No Month-End Equity Selling but Likely Buying, Says JP Morgan's Top Quant Kolanovic
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Marko Kolanovic, Global Head of Macro Quantitative and Derivatives Strategy team at JP Morgan, argues that there won’t be much-expected month-end selling but actually there could be buying of equities into the month-end.
Kolanovic notes a “fairly weak” stocks performance recently despite the supportive macro fundamental outlook.
“The Fed has remained dovish, the US stimulus was released as planned, and the pandemic and vaccination in the US are steadily improving. The European COVID-19 situation is lagging behind that of the US and UK, which was broadly expected and well understood due to vaccination delays. Yet, if one looks at, for example, the Russell 2000, it has sold off more than 10% (market correction) in the last 10 days, and there is broad weakness across both cyclical and growth stocks,” says Kolanovic in a memo sent to the bank’s clients.
JP Morgan’s top quant adds that many investors still like stocks but are afraid of month- and quarter-end rebalances. In this context, investors are likely to wait for April to buy equities.
“Multi-asset portfolios with fixed target weights can rebalance monthly, quarterly, based on specific weight triggers, and increasingly are done with discretion/opportunistically (e.g., few days after month-end as we saw last year). In addition, increasing numbers of portfolios rebalance based on volatility targets, which often results in flow opposite to those of fixed weights. When looking at how many portfolios rebalance using monthly fixed weights vs. quarterly fixed (based on their impact on market), we find that fixed weight monthly rebalances are prevalent, while quarter-end rebalances effectively lost meaning and actually result in opposite flows (likely due to volatility target contributions to quarterly.”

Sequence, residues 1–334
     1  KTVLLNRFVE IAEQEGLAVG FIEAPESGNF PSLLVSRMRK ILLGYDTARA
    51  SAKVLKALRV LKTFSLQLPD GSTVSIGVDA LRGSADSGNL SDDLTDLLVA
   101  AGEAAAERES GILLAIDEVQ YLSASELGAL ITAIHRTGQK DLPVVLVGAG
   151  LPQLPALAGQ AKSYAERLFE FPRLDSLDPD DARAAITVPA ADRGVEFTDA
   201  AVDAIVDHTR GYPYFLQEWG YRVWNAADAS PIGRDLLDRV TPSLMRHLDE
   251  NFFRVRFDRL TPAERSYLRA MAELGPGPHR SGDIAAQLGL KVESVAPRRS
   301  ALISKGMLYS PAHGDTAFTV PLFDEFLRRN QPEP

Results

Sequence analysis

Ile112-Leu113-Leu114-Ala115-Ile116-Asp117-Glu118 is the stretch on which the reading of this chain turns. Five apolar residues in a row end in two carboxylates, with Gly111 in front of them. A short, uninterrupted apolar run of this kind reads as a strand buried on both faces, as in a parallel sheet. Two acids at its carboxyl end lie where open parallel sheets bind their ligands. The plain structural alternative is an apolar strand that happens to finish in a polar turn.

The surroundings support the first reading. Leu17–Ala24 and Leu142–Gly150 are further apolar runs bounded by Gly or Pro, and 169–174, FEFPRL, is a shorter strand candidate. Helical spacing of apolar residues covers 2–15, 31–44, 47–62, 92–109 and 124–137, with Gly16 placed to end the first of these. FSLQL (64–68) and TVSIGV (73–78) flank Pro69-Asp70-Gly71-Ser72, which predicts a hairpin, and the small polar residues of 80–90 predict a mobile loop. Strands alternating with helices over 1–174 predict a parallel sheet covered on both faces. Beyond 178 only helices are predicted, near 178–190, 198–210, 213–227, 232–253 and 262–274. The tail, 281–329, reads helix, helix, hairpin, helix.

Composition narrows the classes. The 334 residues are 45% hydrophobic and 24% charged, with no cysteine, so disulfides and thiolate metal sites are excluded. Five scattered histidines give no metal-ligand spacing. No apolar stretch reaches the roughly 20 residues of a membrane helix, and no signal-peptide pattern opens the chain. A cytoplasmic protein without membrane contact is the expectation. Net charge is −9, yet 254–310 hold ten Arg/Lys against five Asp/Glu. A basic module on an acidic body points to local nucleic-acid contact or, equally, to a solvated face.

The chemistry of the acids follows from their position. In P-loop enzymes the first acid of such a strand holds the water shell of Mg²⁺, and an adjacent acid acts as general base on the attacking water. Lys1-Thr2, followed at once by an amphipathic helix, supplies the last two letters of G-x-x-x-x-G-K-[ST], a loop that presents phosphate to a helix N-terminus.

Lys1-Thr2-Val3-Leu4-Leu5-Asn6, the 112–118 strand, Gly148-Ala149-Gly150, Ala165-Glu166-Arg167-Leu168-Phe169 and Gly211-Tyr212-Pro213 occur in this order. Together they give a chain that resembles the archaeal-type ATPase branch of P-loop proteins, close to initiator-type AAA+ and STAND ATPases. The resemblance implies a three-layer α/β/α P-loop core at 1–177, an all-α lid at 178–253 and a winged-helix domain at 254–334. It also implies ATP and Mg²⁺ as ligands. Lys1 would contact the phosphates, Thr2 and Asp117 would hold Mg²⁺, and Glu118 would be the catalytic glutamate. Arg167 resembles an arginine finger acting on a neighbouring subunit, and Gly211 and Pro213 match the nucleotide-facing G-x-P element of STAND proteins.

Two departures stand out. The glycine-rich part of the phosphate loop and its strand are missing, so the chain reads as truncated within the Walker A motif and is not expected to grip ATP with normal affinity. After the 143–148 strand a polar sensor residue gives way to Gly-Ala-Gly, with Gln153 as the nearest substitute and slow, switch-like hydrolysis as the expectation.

He adds that quarterly rebalances have a low predictive power as the historic data shows an effect opposite to a rebalance. On the other hand, monthly rebalances are “significant and likely” amid the option roll effects.
“With the bond-equity spread down ~3% month to date, and ~8% quarter to date – historical analysis would imply bond-equity performance in the range of equities down 30bps to equities up 30bps for S&P 500 and actual positive performance for Russell 2000 (given that Russell is underperforming bonds month to date) in the range from up 30bps to up 80bps. So there is no expected negative impact on equities from month-end,” Kolanovic concludes.
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